A statue of a strong, fearless woman—the Roman goddess of arts and war, Minerva—stands at Brooklyn’s highest point. She wears armor decorated with snakes and a helmet that puts Julius Caesar’s to shame. But perhaps her most compelling characteristic is the angle of her gaze. Her eyes lock with that of another legendary woman, the Statue of Liberty, who stands tall some three and a half miles away in New York Harbor. The two sculptures have a special relationship—one that is currently in danger of being broken.
“I don’t know of another relationship like this that exists between two sculptures,” explains Jeff Richman, the resident historian at Green-Wood Cemetery in Brooklyn’s Sunset Park, where Minerva is located. “But it’s not just the connection between their eyes and their gestures that makes it unique. It’s also the interaction between two historic statues—who also happen to be women—commemorating two incredibly important historical moments.”
The Statue of Liberty, as many of us know, was a gift from France to the United States. Erected in 1886, it was unveiled with fanfare to commemorate the 100th anniversary of U.S. emancipation from British rule in 1776. Since then, she’s become one of the most symbolically powerful statues the world has ever seen, inextricably linked with the country’s pledge of “liberty and justice for all.” The 151-foot-tall copper figure has also been a galvanizing emblem for immigrants the world over—a piece of art that symbolizes democracy and served to welcome those who arrived in the U.S. through New York’s Ellis Island, as they entered a new home they heard was filled with opportunities that had eluded them elsewhere.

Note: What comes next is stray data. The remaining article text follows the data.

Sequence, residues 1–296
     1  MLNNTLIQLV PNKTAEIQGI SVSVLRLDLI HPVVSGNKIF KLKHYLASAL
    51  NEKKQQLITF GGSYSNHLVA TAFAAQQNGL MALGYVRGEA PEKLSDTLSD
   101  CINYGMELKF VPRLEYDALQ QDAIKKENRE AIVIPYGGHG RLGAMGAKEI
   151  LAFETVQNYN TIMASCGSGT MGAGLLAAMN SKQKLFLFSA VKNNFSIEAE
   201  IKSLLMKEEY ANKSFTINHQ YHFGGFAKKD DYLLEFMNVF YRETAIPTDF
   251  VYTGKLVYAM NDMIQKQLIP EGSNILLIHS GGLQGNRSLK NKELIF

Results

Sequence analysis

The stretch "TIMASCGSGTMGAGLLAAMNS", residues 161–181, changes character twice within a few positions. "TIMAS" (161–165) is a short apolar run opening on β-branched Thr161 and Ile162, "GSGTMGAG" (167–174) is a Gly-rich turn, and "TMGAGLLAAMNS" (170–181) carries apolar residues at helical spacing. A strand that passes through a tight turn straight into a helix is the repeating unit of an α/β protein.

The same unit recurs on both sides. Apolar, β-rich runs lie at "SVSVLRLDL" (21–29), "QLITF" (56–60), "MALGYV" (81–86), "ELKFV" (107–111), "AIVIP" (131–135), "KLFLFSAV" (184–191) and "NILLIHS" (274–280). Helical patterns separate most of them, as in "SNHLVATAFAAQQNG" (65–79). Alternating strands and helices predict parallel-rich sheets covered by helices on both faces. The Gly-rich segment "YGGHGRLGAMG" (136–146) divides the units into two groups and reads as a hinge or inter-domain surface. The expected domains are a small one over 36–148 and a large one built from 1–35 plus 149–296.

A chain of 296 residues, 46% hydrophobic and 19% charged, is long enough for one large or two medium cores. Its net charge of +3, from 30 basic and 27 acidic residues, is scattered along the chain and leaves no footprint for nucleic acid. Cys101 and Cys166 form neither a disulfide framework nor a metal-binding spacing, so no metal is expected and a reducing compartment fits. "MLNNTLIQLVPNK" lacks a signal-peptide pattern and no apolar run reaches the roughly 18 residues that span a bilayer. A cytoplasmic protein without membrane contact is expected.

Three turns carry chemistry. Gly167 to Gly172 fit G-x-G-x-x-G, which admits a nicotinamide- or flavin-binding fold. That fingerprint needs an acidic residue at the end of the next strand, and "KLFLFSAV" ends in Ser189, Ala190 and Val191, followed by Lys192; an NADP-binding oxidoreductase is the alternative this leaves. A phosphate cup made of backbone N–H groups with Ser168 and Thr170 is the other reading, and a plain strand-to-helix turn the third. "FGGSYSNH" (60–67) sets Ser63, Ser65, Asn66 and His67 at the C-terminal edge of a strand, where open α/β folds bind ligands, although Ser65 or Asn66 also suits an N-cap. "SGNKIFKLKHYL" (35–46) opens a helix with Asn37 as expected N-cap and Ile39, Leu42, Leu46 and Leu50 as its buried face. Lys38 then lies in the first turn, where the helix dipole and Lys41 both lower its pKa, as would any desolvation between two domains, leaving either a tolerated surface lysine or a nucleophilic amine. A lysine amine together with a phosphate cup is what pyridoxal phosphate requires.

When Charles Higgins, an Irish immigrant turned prominent Brooklyn businessman, conceived of Minerva, he had Lady Liberty—and a statue’s power to bring awareness to history—in mind. At the time, in the early 1900s, Higgins lived not far from Brooklyn’s Battle Hill, the land on which the Battle of Brooklyn—the first and biggest Revolutionary War battle after the signing of the Declaration of Independence—took place in 1776.
But according to Higgins, this historic tract (then, and still, owned by the sprawling Green-Wood Cemetery, where the likes of inventor Samuel Morse, composer Leonard Bernstein, and painter
rest) wasn’t getting the recognition it deserved. “Higgins was an Irish-American and immigrant who took tremendous pride in the American story, and he was kind of depressed that the people in Brooklyn didn’t share his enthusiasm for preserving battlefield land and the story of this pivotal historical event,” Richman says. “He ultimately got fed up with the lack of support he was getting for the cause, so he took matters into his own hands.”
It was then that Higgins decided to purchase 10 plots of Green-Wood’s most coveted real estate: the highest point in Brooklyn and the site of one of the most important moments in New York history. There, he’d forge his family mausoleum and, more importantly, honor the site’s past with a statue that would not only commemorate the battle, but also connect it to its more prominent sister, the Statue of Liberty.